Diabetes and Ramadan

Mon Jul 29, 2013 1:36 pm

Saudi Diabetes and Endocrine Association
Diabetes and Ramadan

Introduction
If you have diabetes, fasting changes your daily routine, including the meal and medication times in addition to the increased consumption of special traditional food that may contain more carbohydrates.
If you intend to fast, discuss your management plan with your doctor, the diabetic educator and dietitian; plans are individualized and differ for each specific individual. It is very important to realize that diabetes management during Ramadan depends to a great degree on your compliance with your management plan.

Medical assessment before Ramadan
If you have diabetes you must see your doctor for a health assessment within one month before Ramadan. In the assessment, your overall well-being and the status of your blood glucose levels, blood pressure, and lipids should be assessed.
Based on the assessment, your doctor will advise you if you can fast and what medication and diet plan changes are necessary. You must also see your dietitian to discuss changes in your meal plan.

You should NOT fast if you:
• Have poorly controlled type I or type 2 diabetes (e.g., if you have a history of ketoacidosis; frequent low or high blood glucose; or severe low or high blood glucose emergencies within the last 3 months.
• Are pregnant.
• Have to perform intensive work outdoors.
• Have low blood glucose unawareness. In this condition, your blood glucose levels suddenly drop even if you are following your medication and meal plan. You are at risk for low blood glucose unawareness if you are on medications that affect your consciousness or are elderly with any degree of alertness problem.
• Have complications such as heart disease or kidney failure on dialysis or uncontrolled hypertension.
• Have a current sever infection; however, you can fast after recovery

Meal Plan during Ramadan
The general diet guidelines are the same during Ramadan. You should still try to eat three meals–Iftar, mid-time meal or a snack, and Sahoor. Use one or a combination of the meal planning tools to help you control your diet during Ramadan, such as:

‘My Plate’ method that includes
- A cup of low fat or non-fat milk or laban or yogurt
- A portion of whole grains or one medium baked potato or half a cup of pasta
- A portion of lean meat or skinless poultry of baked/grilled fish
- A portion of fresh fruits, such as an orange or an apple or three pieces of dates
- A portion of vegetables, such as a cup of green salad or half a cup of cooked vegetables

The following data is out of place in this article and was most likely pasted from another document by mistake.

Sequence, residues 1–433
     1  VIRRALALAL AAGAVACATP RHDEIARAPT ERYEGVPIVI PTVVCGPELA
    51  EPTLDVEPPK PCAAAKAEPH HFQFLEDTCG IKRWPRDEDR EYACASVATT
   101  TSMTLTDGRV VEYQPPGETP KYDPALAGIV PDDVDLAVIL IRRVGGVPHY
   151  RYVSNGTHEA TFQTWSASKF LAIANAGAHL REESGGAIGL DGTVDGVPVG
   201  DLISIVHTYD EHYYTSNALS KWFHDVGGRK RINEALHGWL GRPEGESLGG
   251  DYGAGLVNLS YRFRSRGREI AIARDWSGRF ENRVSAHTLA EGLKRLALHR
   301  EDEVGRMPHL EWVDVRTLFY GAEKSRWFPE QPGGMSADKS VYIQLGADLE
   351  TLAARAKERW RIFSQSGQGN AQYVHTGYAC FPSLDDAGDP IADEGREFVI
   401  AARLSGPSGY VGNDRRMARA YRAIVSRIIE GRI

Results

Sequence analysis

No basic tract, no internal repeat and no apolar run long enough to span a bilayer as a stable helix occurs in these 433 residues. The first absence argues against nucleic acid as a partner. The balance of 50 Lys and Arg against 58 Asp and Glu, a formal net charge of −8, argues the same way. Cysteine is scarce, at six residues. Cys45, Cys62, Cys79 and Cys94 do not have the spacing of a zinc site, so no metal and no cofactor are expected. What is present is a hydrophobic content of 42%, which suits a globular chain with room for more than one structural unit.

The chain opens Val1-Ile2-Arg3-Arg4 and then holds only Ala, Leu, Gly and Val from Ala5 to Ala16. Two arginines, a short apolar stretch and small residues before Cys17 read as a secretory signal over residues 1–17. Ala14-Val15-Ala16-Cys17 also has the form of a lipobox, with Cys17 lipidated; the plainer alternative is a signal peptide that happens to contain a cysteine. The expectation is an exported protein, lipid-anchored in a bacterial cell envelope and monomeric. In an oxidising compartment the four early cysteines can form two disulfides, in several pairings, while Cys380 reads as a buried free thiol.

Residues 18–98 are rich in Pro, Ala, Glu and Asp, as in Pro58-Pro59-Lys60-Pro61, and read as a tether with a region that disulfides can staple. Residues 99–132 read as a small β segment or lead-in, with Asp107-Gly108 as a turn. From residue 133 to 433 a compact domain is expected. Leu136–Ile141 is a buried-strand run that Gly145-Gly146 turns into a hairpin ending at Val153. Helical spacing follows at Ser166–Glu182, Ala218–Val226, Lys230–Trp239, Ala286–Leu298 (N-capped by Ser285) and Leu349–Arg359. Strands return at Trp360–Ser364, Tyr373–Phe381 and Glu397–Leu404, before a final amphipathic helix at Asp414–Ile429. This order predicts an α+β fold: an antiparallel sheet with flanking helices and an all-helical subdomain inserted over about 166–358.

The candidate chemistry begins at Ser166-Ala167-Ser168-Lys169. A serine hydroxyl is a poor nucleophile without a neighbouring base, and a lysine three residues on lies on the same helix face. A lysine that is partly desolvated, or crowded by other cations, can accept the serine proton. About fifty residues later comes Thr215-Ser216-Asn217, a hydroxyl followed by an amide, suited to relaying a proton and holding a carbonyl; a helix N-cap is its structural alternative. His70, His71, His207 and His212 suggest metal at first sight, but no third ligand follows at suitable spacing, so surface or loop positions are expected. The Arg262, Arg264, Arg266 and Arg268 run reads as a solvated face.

‘Carbohydrate counting’ method that includes counting the carbohydrates in grams or in portions in each meal and snack, where the carbohydrates are found in grains and cereals, fresh or dried fruits, vegetables and milk.


Instructions specific to Ramadan:
• Avoid eating large amounts of foods rich in carbohydrates and fat, especially at Iftar (the sunset meal), such as fried Samboosa or a lot of dates or greasy rice or sweets.
• Eat complex carbohydrates at Sahoor (predawn meal), such as whole wheat bread or baked potato or low fat milk or laban or yogurt or cooked lentils or beans or fresh or dried fruits and vegetables. They take more time to digest and absorb; they will help you to feel full and prevent a sudden drop in the blood glucose levels.
• Simple carbohydrates are more appropriate at Iftar (the sunset meal) to elevate your blood glucose level rapidly, which is usually low at Iftar time. These include sweets or fruit juices, but they should be consumed in moderation.
• Drink plenty of fluids between Iftar and Sahoor to avoid dehydration, which can lead to low blood glucose. Increase your intake of water between Iftar and Sahoor meals and limit drinking caffeinated drinks because they can cause loss of fluids, leading to dehydration.
• Avoid excessive consumption of salt, salted or heavily spiced foods.
• Eat Sahoor meal as close as possible to the start of the daily fast (prior to predawn time).



Physical activity
• Generally, you can maintain the same normal level of physical activity as before Ramadan. The following tips are important to help you prevent any complications:
• Exercise after breaking the fast and not while fasting.
• Be aware of low blood glucose signs and always carry sugar-containing food with you while exercising and carry you ‘Diabetic Identification Card’ with you.
• Excessive physical activity may lead to low blood glucose and therefore, it should be avoided, particularly during the few hours before the sunset meal.
• If you perform Taraweeh prayer (multiple prayers after the sunset meal), consider it a part of your daily exercise program.
• If you have poorly controlled type 1 diabetes, exercise may lead to extreme low blood glucose, so you must check with your treating doctor before doing any exercise.


Breaking the fast
• Immediately break your fast if you have any of the following conditions:
• Low blood glucose; because your blood glucose levels might get lower if you delay the treatment. If your blood glucose reaches <70 mg/dl in the first few hours of the fasting time, especially if you are taking insulin, or oral diabetes medications at the predawn time.
• If your blood glucose exceeds 300 mg/dl.

Frequent monitoring of blood glucose levels
It is important to monitor your blood glucose levels many times daily. This is especially critical for those who have type 1 diabetes, and for those who have type 2 diabetes and take insulin.

For more information on diabetes and care, visit the Saudi Diabetes and Endocrine Association’s website at www.sdea@sdea.org

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